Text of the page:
Profit companies

Revealed: ‘Staggering’ $3 Billion Per Day Oil Sector Profits Over Last 50 Years | Fossil fuels

The oil and gas industry has generated $2.8bn (£2.3bn) a day in pure profit for the past 50 years, new analysis has revealed.

The vast total captured by oil states and fossil fuel companies since 1970 is $52,000,000,000, giving the power to “buy every politician, every system” and delay action on the climate crisis, says Professor Aviel Verbruggen, the author of the analysis. Huge profits have been inflated by country cartels artificially restricting supply.

The analysis, based on World Bank data, assesses the “rent” secured by global oil and gas sales, which is the economic term for the unearned profit produced after deducting the full cost of production.

The study has not yet been published in an academic journal, but three experts from University College London, the London School of Economics and the Carbon Tracker think tank have confirmed the accuracy of the analysis, the with one calling the total a “staggering figure”. It appears to be the first long-term assessment of the sector’s total profits, with oil rents providing 86% of the total.

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Emissions from the burning of fossil fuels have been the root of the climate crisis and have contributed to worsening extreme weather events, including the heatwaves now hitting the UK and many other countries in the northern hemisphere. Oil companies have known for decades that carbon emissions are dangerously warming the planet.

“I was really surprised by such high numbers – they are huge,” said Verbruggen, an energy and environmental economist at the University of Antwerp, Belgium, and former lead author of a report of the Intergovernmental Panel on Climate Change.

“It’s a huge amount of money,” he said. “You can buy every politician, every system with all that money, and I think that happened. He protects [producers] political interference that could limit their activities.

Rents captured by the exploitation of natural resources are unearned, Verbruggen said: “It’s real pure profit. They captured 1% of all the wealth in the world without doing anything about it. The average annual profit from 1970 to 2020 was $1 billion, but he said he expected it to be twice that in 2022.

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Profit grabbing is holding back global action on the climate emergency, he said: “It’s really taking money away from alternatives. People in every country find it so hard to pay gas, electricity and oil bills [petrol] bill, that we have no more money to invest in renewable energy.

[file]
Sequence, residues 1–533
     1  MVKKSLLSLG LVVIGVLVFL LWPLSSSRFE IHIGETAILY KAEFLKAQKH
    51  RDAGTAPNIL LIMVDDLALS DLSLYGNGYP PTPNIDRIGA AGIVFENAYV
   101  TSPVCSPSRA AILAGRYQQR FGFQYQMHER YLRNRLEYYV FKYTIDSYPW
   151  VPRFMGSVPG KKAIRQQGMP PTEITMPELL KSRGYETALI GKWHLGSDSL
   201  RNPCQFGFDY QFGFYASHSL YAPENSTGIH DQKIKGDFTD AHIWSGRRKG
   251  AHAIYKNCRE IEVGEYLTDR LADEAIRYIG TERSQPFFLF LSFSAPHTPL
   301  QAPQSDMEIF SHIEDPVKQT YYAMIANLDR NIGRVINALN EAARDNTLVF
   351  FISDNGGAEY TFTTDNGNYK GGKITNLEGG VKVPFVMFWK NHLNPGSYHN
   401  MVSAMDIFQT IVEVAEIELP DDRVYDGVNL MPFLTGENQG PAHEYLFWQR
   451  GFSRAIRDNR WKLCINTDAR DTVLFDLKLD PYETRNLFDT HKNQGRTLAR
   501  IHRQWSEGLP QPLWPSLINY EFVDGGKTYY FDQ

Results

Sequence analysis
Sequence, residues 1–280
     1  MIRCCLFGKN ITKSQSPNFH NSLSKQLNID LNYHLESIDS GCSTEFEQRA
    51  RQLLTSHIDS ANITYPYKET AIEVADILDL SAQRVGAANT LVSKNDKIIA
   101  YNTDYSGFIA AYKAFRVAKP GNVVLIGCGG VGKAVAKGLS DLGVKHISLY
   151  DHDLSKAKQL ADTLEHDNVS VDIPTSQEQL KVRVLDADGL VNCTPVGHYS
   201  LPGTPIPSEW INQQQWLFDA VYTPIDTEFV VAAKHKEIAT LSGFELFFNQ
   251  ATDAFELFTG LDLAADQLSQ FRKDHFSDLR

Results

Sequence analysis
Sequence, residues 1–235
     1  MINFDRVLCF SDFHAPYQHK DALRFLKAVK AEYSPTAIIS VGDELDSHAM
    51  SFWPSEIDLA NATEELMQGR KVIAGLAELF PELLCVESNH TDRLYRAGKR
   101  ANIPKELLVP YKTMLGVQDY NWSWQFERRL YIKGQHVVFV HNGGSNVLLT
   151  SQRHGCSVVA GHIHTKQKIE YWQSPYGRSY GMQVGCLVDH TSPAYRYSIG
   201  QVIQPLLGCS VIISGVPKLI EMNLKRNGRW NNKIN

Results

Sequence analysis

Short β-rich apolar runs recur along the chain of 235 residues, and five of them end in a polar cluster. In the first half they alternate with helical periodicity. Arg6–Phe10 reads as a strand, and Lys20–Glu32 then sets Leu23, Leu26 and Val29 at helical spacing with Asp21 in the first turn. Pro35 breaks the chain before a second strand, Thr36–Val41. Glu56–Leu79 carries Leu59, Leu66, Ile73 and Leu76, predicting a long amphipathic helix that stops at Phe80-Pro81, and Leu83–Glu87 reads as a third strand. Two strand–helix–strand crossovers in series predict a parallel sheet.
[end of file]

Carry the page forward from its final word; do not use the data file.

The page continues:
Part of the rent goes to governments in the form of royalties, says Professor Paul Ekins, of University College London: “But the fact remains that over the past 50 years companies have made huge money by producing fossil fuels, the burning of which is the main cause of climate change.This is already causing untold misery around the world and poses a major threat to future human civilization.

“At the very least, these companies should invest a much larger share of their profits in switching to low-carbon energy than is currently the case. Until they do, their claims to be part of the low-carbon energy transition are among the most egregious examples of greenwashing.

Mark Campanale of Carbon Tracker said: “Not only is the scale of these rents mind-boggling, but it is important to note that in the midst of a cost of living crisis caused by record high oil and gas, this flow of money to a relatively small number of oil states and energy companies is expected to double this year. Moving to a carbon-neutral energy system based on renewables is the only way to end this madness.

The Guardian revealed in May that the world’s biggest fossil fuel companies were planning dozens of ‘carbon bomb’ oil and gas projects that would take the climate beyond internationally agreed temperature limits with catastrophic global impacts. The fossil fuel industry also benefits from subsidies of $16 billion a day, according to the International Monetary Fund.

Verbruggen’s analysis used oil rent and gas rent data from the World Bank, which the bank compiles country by country and is expressed as a percentage of global GDP. He then multiplied that by the World Bank’s global GDP data and adjusted for inflation to put all figures in 2020 US dollars.

Verbruggen said oil-rich countries like Russia and those in the OPEC cartel, including Saudi Arabia, have kept rents high by limiting supply: “They’re changing market fundamentals.” Military action, such as the US-led invasion of Iraq in 2003, and political action, such as Iran’s oil export embargo, have also increased rents, a- he said. If all available oil and gas could be freely supplied to the market, the price of conventional oil would be $20 to $30 a barrel, Verbruggen said, compared to around $100 today.

There is far more oil, gas and coal in existing reserves than can be burned if the world is to limit global warming to 1.5°C, the target agreed by nations in the Paris climate agreement in 2015. Campanale said: “To stay at 1.5°C, that means [international oil companies alone] giving up about $100 trillion in potential revenue. You can see why oil oligarchs and nations controlled by political elites want to retain their fossil fuel rents, the source of their power.

May Boeve, head of campaign group 350.org, said: “These profits have enabled the fossil fuel industry to fight back against all efforts to change our energy systems. We must dismantle these rent-seeking systems and build our future on the basis of accessible and distributed renewable energies, which are more sustainable and democratic in every way.